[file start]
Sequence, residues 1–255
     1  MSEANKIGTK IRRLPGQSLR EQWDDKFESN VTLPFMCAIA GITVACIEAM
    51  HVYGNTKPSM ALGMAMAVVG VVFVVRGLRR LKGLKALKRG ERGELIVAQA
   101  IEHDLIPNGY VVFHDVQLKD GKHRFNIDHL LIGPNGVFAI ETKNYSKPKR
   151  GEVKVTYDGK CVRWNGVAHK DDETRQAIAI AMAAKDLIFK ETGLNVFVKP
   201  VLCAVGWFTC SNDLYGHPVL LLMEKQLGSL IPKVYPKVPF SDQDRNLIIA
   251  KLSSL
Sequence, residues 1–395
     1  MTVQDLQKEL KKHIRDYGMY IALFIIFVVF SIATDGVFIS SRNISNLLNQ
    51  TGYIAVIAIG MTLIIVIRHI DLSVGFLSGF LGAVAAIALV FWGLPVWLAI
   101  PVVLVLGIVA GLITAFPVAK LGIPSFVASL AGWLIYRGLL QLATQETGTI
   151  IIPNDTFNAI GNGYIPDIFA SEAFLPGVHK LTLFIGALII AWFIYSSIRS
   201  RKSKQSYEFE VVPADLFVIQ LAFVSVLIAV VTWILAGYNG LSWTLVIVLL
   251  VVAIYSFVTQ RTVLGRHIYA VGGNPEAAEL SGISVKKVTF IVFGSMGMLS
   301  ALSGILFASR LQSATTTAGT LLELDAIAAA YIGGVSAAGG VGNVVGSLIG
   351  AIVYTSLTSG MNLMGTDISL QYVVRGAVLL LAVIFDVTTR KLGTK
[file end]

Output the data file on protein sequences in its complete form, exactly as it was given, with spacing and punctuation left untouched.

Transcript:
Sequence, residues 1–255
     1  MSEANKIGTK IRRLPGQSLR EQWDDKFESN VTLPFMCAIA GITVACIEAM
    51  HVYGNTKPSM ALGMAMAVVG VVFVVRGLRR LKGLKALKRG ERGELIVAQA
   101  IEHDLIPNGY VVFHDVQLKD GKHRFNIDHL LIGPNGVFAI ETKNYSKPKR
   151  GEVKVTYDGK CVRWNGVAHK DDETRQAIAI AMAAKDLIFK ETGLNVFVKP
   201  VLCAVGWFTC SNDLYGHPVL LLMEKQLGSL IPKVYPKVPF SDQDRNLIIA
   251  KLSSL
Sequence, residues 1–395
     1  MTVQDLQKEL KKHIRDYGMY IALFIIFVVF SIATDGVFIS SRNISNLLNQ
    51  TGYIAVIAIG MTLIIVIRHI DLSVGFLSGF LGAVAAIALV FWGLPVWLAI
   101  PVVLVLGIVA GLITAFPVAK LGIPSFVASL AGWLIYRGLL QLATQETGTI
   151  IIPNDTFNAI GNGYIPDIFA SEAFLPGVHK LTLFIGALII AWFIYSSIRS
   201  RKSKQSYEFE VVPADLFVIQ LAFVSVLIAV VTWILAGYNG LSWTLVIVLL
   251  VVAIYSFVTQ RTVLGRHIYA VGGNPEAAEL SGISVKKVTF IVFGSMGMLS
   301  ALSGILFASR LQSATTTAGT LLELDAIAAA YIGGVSAAGG VGNVVGSLIG
   351  AIVYTSLTSG MNLMGTDISL QYVVRGAVLL LAVIFDVTTR KLGTK